[MUD-Dev] Building a \\\'Deeper\\\' MMOG

Brian Lindahl lindahlb at hotmail.com
Thu Jun 20 01:57:48 New Zealand Standard Time 2002

From: rgabbard at swbell.net

> I guess my challenge is to list any situation where 'theme' has
> effectively motivated player behavior in an MMOG.  (The rules are
> probably somewhat different in smaller MUDs as the player base is
> smaller and somewhat tighter.) Granted, I've only played EQ, AC,
> AO, DAoC, and UO to a limited extent... in none of these games do
> the

No such situation exists in the current MMOGs, because none that
I've come across or heard about have been truely theme-oriented
games. All of them have been combat-oriented games, the theme
playing a background role in the game. What would EQ be without
combat? Pretty much boring, right? I'm sure you can say the same
about the others. Building a deeper MMOG is about creating a game
where combat is not the center, but roleplaying and theme.

> players stick to the theme if there is a better reason to
> 'defect'.  In short, players are going to act in accordance with
> their own best self-interest regardless of theme.  So, might as
> well give players

The reason why they act in their own self-interest, reguardless to
theme, is the fact that such people have no sense of what
roleplaying is. They think that because it has a story, a history, a
fantasy or sci-fi environment its a roleplaying game. Perhaps, in
the sense of the genre, it's a roleplaying game. But roleplaying is
an action, not a genre. A game is only a true roleplaying game when
the majority of it's players take on the action of
roleplaying. Roleplaying is the action of playing and understanding
a role or character within a theme. When players act in accordance
to their character's self-interest, rather than their own, they will
be 'role' playing. Players who act in accordance to their own
self-interest are 'achievement' playing.

The trick to building a deeper MMOG is not adding more features for
players to achieve, but bringing the players into the world of
'role' playing, versus 'achievement' playing by increasing the
dominance of theme. When players who signed onto the MMOG for
achievement begin to play as their character and incorporate true
'role' playing, then you know that you have built a deeper MMOG. The
MMOG encourages players to become involved in the theme and become
absorbed in the fantasy world.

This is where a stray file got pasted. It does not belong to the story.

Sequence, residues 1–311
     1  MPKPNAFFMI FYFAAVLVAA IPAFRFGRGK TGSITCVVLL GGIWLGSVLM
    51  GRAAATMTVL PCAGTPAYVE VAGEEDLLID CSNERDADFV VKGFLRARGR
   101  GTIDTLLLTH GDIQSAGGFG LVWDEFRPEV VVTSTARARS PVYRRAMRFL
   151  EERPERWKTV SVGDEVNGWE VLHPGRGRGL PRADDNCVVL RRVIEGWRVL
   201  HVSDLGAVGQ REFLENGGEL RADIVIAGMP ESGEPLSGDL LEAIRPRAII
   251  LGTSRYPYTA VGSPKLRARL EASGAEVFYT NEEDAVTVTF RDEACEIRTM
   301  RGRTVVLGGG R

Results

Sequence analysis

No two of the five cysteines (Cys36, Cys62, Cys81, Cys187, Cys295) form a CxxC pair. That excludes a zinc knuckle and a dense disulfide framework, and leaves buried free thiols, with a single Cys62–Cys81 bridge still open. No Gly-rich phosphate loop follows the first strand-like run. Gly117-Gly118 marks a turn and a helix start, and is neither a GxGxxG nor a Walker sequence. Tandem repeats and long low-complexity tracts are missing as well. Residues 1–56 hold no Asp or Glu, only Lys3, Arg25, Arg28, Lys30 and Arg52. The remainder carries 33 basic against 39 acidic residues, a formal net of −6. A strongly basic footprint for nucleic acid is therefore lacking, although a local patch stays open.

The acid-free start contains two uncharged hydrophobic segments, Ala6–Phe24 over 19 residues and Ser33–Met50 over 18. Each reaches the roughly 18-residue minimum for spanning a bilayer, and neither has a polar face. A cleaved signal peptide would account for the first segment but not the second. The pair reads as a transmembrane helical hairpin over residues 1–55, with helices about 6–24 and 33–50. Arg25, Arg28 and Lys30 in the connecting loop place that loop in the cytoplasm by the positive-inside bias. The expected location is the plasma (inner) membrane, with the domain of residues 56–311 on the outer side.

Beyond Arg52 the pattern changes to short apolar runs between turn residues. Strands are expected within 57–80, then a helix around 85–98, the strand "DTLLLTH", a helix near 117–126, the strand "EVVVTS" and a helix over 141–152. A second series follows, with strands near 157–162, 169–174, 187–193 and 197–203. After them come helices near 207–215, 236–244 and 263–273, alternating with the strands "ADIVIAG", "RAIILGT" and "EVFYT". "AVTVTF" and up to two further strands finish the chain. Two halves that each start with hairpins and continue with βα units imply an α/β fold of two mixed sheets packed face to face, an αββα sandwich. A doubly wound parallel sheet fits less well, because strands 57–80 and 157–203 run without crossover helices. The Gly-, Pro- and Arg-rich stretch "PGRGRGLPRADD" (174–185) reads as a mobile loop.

> From the list of games that you mentioned you have experience in,
> it's no wonder that this concept is hard to grasp. For hardcore
> gamers who started on single-player games and have moved over to
> the online gaming world, it's difficult to change the mindset from
> playing a game to reach an end, to playing a game to be a part of
> a persistant and evolutionary world (evolutionary in the sense of
> a changing world, not evolutionary in the scientific sense).

> The example I gave of trees in the dynamic ecology/economy was
> just meant to be a very small example of making a game deeper.  It
> wasn't meant to diminish the need for a theme.  It was just an
> example of

Well the difference is that you were using this example in the
context of making a MMOG deeper in theme. Ecology and economy may
aid a player in feeling like the world is more living, but this
rarely helps the theme. For example, if you add more detailed
graphics in a single-player game, the player will feel like the
world is more living, but it won't enhance the theme. A good example
of a technique that would help create a deeper themed MMOG would be
to think about the world first, and the mechanics last. Come up with
the relationships of the societies, use social anthropological
techniques to come up with a variety of realistic cultures that have
a wide variety of morals, ideals, rituals, and general culture. In
doing so, the theme will be much more immersive, and the player will
have an easier time being absorbed into his or her character's role
in the world. Making it so the players can kill off a species or
perhaps evolve a new species (as per an ecological system), will not
help a player become more absorbed into his or her character's role.

> supported by the game world.  Human nature is human
> nature... players may play an 'ogre' in-game but they are still
> driven by the same motivators that drive them in the 'real world'.

Again, this is a single-player game mindset, for many, if they move
away from the achievement style of playing, and into a roleplaying
mindset, they'll achieve a greater satisfaction from a
theme-oriented multiplayer roleplaying game.

-Brian Lindahl, coder of 'The Cathyle Project'
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